BD:    ...but then discipline is the secret of simplicity or vice versa.  I don’t know which way round that is.  I think it’s vocal and musical discipline

SW:    Elegance!

JS-Q:    Yes, elegance.  That’s right.  And twentieth century opera starting, with Pelléas through to Wozzeck to...

SW:    Argento!

JS-Q:    I did the first English performance of A Water Bird Talk, and that is an absolute delight.  That’s something we keep on trying to revive.  We’re doing some performances next year, probably at the Cambridge Festival.  We were hoping that we were going to do it again this summer and that Sara would conduct, but unfortunately the finances intervened... or the lack of.

[As can be seen in the photo below, they recorded this work about eight and a half years later.]


SW:    We’re in the process of having it translated into German so we can do some performances in Germany and Austria.

BD:    In Pelléas, you were Golaud?

JS-Q:    I’ve sung everything but Pelléas in Pelléas in my time.  I started off life as the Doctor, and I understudied Arkel and actually sung one performance of it.  But Golaud, yes.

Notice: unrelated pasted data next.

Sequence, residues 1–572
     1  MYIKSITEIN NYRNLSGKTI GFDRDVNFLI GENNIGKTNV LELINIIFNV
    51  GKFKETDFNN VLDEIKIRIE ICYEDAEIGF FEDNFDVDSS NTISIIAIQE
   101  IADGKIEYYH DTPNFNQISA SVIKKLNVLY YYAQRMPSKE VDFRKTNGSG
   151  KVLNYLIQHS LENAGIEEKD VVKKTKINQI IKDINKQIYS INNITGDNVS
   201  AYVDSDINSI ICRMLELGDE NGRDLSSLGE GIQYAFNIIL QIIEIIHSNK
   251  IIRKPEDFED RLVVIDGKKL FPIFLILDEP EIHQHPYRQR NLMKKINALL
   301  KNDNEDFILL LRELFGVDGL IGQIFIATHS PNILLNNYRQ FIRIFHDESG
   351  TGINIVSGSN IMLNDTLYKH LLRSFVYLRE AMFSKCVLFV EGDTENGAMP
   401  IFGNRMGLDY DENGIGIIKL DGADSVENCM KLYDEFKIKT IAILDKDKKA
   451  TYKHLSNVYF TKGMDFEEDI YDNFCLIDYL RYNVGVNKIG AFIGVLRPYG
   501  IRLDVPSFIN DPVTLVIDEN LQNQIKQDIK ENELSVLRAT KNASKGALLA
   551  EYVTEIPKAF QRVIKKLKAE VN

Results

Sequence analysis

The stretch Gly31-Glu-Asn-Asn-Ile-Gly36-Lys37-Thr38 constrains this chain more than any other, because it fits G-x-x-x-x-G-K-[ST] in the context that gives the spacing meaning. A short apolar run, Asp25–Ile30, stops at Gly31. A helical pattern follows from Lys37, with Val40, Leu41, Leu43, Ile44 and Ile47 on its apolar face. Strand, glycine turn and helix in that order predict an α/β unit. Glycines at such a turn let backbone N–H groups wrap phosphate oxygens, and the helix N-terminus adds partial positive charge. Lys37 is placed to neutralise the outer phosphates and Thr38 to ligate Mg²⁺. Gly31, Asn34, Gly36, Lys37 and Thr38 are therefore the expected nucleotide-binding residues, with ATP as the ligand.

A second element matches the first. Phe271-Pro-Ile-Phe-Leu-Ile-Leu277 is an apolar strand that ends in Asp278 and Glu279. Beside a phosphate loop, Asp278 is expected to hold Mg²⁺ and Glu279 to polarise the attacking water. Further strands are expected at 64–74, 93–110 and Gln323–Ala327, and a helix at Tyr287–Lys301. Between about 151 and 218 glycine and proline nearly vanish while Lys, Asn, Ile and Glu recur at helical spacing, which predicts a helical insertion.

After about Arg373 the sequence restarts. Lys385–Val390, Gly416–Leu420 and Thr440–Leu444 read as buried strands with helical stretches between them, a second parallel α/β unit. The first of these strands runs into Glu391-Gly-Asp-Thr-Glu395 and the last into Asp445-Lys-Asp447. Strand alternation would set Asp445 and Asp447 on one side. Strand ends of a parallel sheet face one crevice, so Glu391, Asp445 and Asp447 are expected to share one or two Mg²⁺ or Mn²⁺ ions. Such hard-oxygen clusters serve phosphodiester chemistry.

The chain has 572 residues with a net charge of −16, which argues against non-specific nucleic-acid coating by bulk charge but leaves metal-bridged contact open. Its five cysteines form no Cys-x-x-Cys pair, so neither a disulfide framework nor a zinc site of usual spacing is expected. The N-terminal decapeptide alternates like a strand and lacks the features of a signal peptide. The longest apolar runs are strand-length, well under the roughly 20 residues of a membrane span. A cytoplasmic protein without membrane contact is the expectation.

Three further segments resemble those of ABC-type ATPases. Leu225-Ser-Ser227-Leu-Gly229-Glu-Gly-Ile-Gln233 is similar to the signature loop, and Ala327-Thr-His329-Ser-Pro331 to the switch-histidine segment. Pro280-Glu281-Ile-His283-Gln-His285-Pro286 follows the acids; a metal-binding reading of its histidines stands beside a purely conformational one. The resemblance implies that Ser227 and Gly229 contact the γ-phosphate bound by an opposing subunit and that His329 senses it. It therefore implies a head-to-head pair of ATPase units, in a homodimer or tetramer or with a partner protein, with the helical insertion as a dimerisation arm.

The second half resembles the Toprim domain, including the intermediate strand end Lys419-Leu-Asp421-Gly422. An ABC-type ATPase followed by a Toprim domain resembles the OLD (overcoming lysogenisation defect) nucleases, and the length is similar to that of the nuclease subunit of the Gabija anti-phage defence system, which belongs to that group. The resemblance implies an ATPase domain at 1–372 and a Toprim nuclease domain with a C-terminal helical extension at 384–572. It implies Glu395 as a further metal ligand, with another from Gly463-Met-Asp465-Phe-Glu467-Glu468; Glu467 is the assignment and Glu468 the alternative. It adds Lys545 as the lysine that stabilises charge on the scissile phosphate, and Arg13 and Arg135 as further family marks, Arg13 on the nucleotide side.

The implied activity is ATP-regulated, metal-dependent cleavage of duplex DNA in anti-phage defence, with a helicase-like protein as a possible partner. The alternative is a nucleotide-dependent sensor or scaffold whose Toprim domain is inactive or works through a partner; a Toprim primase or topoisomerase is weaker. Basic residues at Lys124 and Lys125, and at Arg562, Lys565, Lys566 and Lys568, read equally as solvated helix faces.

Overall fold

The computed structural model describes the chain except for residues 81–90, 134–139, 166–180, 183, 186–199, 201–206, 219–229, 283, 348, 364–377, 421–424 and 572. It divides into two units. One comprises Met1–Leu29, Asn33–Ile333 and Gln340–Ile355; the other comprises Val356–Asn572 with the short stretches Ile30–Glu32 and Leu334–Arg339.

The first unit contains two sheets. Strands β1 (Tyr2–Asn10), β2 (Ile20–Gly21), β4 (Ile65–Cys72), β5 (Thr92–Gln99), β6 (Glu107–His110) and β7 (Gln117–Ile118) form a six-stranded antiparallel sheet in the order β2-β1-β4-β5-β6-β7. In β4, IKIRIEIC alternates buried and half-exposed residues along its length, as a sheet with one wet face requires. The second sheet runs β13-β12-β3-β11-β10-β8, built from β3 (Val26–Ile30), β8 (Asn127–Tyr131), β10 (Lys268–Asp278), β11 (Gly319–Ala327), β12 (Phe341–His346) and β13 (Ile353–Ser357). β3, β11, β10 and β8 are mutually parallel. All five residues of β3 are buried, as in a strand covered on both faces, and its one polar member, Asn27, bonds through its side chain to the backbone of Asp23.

BD:    Tell me about Golaud.

JS-Q:    Golaud can be summed up in his very first words
I will never get out of this forest!  That’s it, and he’s seems so entangled in his own forest that he will never get out, poor soul!

shirley-quirkBD:    Should he get out?

JS-Q:    Well, in Pelléas no one gets out, do they?  The only people who do get out are the people who die.  That is Pelléas and Mélisande eventually.  They’re the only ones who get out.  Everyone else is left in their misery.  Should Golaud get out?  I think he deserves greater happiness than he achieves, but he’s not built for happiness.

BD:    What would have made him happy?

JS-Q:    I don’t think he knows. 

BD:    Is that what he’s doing
searching for happiness?

JS-Q:    I think so, searching constantly.

BD:    Why does he think he will find happiness with Mélisande?